Tuesday, May 9, 2023

UN Submission Focuses on Persecution of Women in Unorthodox Religions

The logo for the Committee on the Elimination of Discrimination against Women, which monitors compliance with the Convention, both of which are abbreviated as CEDAW. Image credit: UN Office of the High Commission for Human Rights 

The number of women incarcerated in Chinese prisons has grown faster than the population of incarcerated men over the past decade, and women are disproportionately represented in criminal cases involving unorthodox religious groups. These are the main points highlighted by Dui Hua in its submission to the Committee on the Elimination of All Forms of Discrimination against Women (CEDAW)’s review of China.  

CEDAW, which also stands for the Convention on the Elimination of All Forms of Discrimination against Women and is sometimes described as an “international bill of rights for women,” is the treaty and human rights instrument adopted by the United Nations that provides guidance for nations to combat discrimination faced by women. Nations that have signed and ratified CEDAW – which includes all but six UN member states – are required to submit reports to the Committee on their compliance with the Convention every four years. NGOs are invited to make submissions informing country reports, which Dui Hua did for China’s, considered during CEDAW’s 85th session in the week of May 8, 2023. 

Dui Hua’s statement largely focused on female prisoners charged under Article 300, “organizing or using a cult to undermine implementation of the law.” The statement noted that women account for 8 percent of the prison population in China – a figure similar to that of the United States – but are thought to make up more than 40 percent of prisoners incarcerated for violating Article 300 from 1998-2016. More so, court records suggest that sentencing for these cases is comparatively harsh and that instances of clemency are rare. (The statement notes that there may have been an increase in clemency over the last two years but the lack of consistent data and transparency in legal processes makes this difficult to confirm.)  

Charts 1 and 2: Gender breakdown of unorthodox religious prisoners accused of violating Article 300 in the PPDB as of March 31, 2023.*

*Gender is not known for all cases. Image credit: The Dui Hua Foundation

The submission builds on the research Dui Hua initially published in its report “The Persecution of Unorthodox Religious Groups in China,” which identified a gender imbalance in sentencing under Article 300. Dui Hua’s Political Prisoner Database (PPDB) holds records on 11,400 women who have been subject to coercive measures for violating Article 300 due to their participation in unorthodox religious groups, which the Chinese Communist Party regards as cult organizations practicing non-state sanctioned faiths.

The statement also noted that women are the main target of negative stereotypes in China’s anti-cult propaganda. This messaging often relies on stereotypes of middle-aged, rural women being “weak-willed and psychologically vulnerable” and more vulnerable to “coercion or monetary enticements from cult organizations.” Such messaging, which comes from both national and regional organizations, itself seems to violate Article 5 of CEDAW which mandates that state parties take all appropriate measures to eliminate “prejudices and customary and all other practices which are based on the idea of inferiority or the superiority of either of the sexes or on stereotyped roles for men and women.”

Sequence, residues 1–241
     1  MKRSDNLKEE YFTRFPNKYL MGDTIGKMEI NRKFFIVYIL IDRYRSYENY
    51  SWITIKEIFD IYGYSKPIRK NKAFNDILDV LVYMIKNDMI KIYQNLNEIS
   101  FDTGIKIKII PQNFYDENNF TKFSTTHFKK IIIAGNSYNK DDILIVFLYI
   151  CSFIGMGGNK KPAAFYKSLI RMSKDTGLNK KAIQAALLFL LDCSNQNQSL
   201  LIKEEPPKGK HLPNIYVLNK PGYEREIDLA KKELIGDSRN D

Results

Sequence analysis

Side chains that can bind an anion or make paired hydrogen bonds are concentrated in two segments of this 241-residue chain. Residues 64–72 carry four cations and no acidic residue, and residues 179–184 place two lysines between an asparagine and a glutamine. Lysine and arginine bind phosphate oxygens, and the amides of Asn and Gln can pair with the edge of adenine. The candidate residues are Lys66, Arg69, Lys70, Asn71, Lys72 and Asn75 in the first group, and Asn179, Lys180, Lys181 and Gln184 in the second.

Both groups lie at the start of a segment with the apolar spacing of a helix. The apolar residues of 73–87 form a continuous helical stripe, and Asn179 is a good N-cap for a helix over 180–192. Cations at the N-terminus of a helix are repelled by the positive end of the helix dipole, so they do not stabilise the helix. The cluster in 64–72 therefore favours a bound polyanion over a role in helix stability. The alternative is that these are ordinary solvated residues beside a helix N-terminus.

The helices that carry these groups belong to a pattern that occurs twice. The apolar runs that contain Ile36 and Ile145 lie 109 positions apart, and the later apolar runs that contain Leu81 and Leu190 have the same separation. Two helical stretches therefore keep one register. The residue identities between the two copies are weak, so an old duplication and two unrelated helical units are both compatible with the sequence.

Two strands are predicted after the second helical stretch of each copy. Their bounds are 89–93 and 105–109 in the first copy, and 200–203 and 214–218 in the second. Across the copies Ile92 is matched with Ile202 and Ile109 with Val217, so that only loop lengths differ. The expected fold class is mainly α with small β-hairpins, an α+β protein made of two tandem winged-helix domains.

An image from the opening session of CEDAW’s 85th session on May 8, 2023. Image credit: UN Web TV 

Another focus of Dui Hua’s submission to China’s state report was the decline in judicial transparency. Dui Hua ended its submissions by recommending that the Chinese government increase the use of non-custodial measures and clemency for women prisoners and improve judicial transparency, writing: 

Dui Hua urges the Chinese government to resume providing meaningful access for the public to judicial documents, including indictments, court judgments, and decisions of all cases, regardless of the criminal offense involved. Transparency is particularly lacking in provinces with high populations of ethnic minorities. It also helps the public understand the reasons why women are placed in custody for peacefully pursuing their religious faith and other criminal offenses.   

This is not the first time Dui Hua has made a statement to a UN body concerning China’s treatment of female prisoners. Dui Hua previously made submissions to CEDAW during China’s previous review in 2014 and, more recently, to the Working Group on Discrimination Against Women in Law and Practice in June 2019. 

Of the 193 UN member states, 189 have ratified CEDAW, binding them to the treaty and mandating that they participate in regular review every four years. The United States has not ratified CEDAW, placing it among a small group of countries – Iran, Somalia, Sudan, Tonga, Palau – and the Holy See that have yet to bind themselves to the treaty.  

Read the full statement 

Read the report “The Persecution of Unorthodox Religious Groups in China”